Control freak!

Yeah I was thinking of a suitable title for this post… Basically for any physical activity, especially those involving carrying a load, fast movement, etc you need to have good CONTROL of the joints and muscles which are involved. I will give some examples for the upper and lower limb.

*Upper limb: this involves the thorax, ribs, shoulder blade (scapula), arm bone, forearm, etc. In the video below, Dr Andreo Spina (chiropractor) shows EXCELLENT control of the shoulder.

As he and many others allude to, if there is poor control of motion, or insufficient motion in one of the joints, this could lead to unnecessary muscle tightness or potential strain! For activities such as hanging clothes to dry, this strain is probably not a big a problem as those who lift weights, do lot of smash (racket sports).

Now do you honestly have good control (or sufficient motion)? If not, you need to rethink whether you should do overhead lifts such as:

Overhead squat

Snatch (kettlebell fans usually use one arm at a time)

Tennis and other racket sports (serve, smash, etc)

You get the point… the situation is more complicated as it is not uncommon that one side of the body could be significantly tighter, less mobile, have poor control than the other. Here is an example of ideal symmetry, judging from the photo (incomplete information), it seems like the left and right upper limbs have fairly equal motion:


*Lower limb:

control is needed at the pelvis, hip, knee, feet, etc and it is in fact MUCH more difficult to control when you add fast movement to it (jogging, running, football, dance, etc).

I found this example of someone executing wushu with quite good control of the lower limb.

When he raises his knee above the belly button to kick, the lower back rounds slightly (can be improved); maintains good upper body alignment (no hunching) all the while he is moving and kicking.

As you can see, single leg activity is not easy. Consider the popular yoga ‘Warrior 3’ pose, well executed in the example below… even more difficult to control  when you are tired.

Sports involving running and changing direction (football, etc) is even more difficult to control the lower limb. the martial arts example below shows how difficult it is to control hip, knee, ankle and foot.

Oh yeah, even fun dance type workout (Bodyjam, Zumba, etc) could lead to knee injury if you can’t control lower limb movement, etc.

Take home message:
#1 Simplify if necessary. For gym goers, instead of attempting overhead lifts, modify the movement or use lighter weights, make smaller movements. Racket sports players can try to attempt less overhead smash, etc. It’s not worth the risk of injuring your shoulder.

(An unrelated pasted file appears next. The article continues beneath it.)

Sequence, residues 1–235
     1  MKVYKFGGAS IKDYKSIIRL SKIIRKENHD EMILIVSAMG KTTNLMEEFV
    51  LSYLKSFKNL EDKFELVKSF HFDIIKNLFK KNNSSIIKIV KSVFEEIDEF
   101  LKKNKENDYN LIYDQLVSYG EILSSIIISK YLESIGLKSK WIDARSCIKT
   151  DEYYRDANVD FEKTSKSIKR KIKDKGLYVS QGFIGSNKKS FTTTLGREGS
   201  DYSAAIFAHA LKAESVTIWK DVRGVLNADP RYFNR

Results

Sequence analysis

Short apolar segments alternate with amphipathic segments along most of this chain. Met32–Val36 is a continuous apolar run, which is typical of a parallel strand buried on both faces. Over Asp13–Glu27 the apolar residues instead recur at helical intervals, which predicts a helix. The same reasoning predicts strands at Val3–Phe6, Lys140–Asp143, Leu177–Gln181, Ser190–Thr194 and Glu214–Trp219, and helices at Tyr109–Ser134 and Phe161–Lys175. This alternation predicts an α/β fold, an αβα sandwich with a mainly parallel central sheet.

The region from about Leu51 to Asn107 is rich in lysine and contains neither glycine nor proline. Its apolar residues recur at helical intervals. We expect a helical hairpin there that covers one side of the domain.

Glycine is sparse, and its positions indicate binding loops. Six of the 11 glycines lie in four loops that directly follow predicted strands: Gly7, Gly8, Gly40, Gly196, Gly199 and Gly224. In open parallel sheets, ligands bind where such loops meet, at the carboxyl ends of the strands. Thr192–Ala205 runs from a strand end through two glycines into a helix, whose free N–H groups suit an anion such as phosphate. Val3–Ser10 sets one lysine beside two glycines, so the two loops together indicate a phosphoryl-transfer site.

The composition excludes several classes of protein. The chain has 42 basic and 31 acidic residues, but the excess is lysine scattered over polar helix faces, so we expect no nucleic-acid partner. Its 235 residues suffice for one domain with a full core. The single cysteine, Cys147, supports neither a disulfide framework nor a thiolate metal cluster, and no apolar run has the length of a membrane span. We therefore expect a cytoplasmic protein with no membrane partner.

For lower limb control, try taking smaller steps, reduce speed of running, jumping, changing direction, dancing, etc. It’s not worth the risk of injuring your knee, etc.

#2 Know your limits. Pros have generally been doing certain movements for a long time. Trying to imitate your favourite athlete or instructor is not always a good thing.

#3 If there is significant asymmetry (left versus right) tightness , motion, control, etc consider exercises which require simultaneous use of left and right side (barbell, chinup, pushup, etc). If you play tennis with your right hand, try practising with your left hand.
Take smaller steps, reduce speed of running, jumping, etc.

#4 Go for treatment. As always, seek treatment as soon as possible if you are injured, notice tightness that does not go away, etc.


By admin

Dr Benjamin Loh (Chiropractor) has a passion for learning and practising health and physical rehab related stuff.

2 replies on “Control freak!”

I like the Take Home Message here. I have the following 2 questions :

(1) May I have your permission to share on my FB – this particular blog? I have numerous gym-goer friends who are health-enthusiasts ( I worry they are lacking awareness in their gym workouts & routines 🙁

(2) What is your professional take on Ancient-Old, Chinese Accupuncture – for treatment of knee and back injuries alike? More pertinent, knee injuries.

Much-appreciated your feedback and shared thoughts. I will value them.

Leave a Reply

Your email address will not be published. Required fields are marked *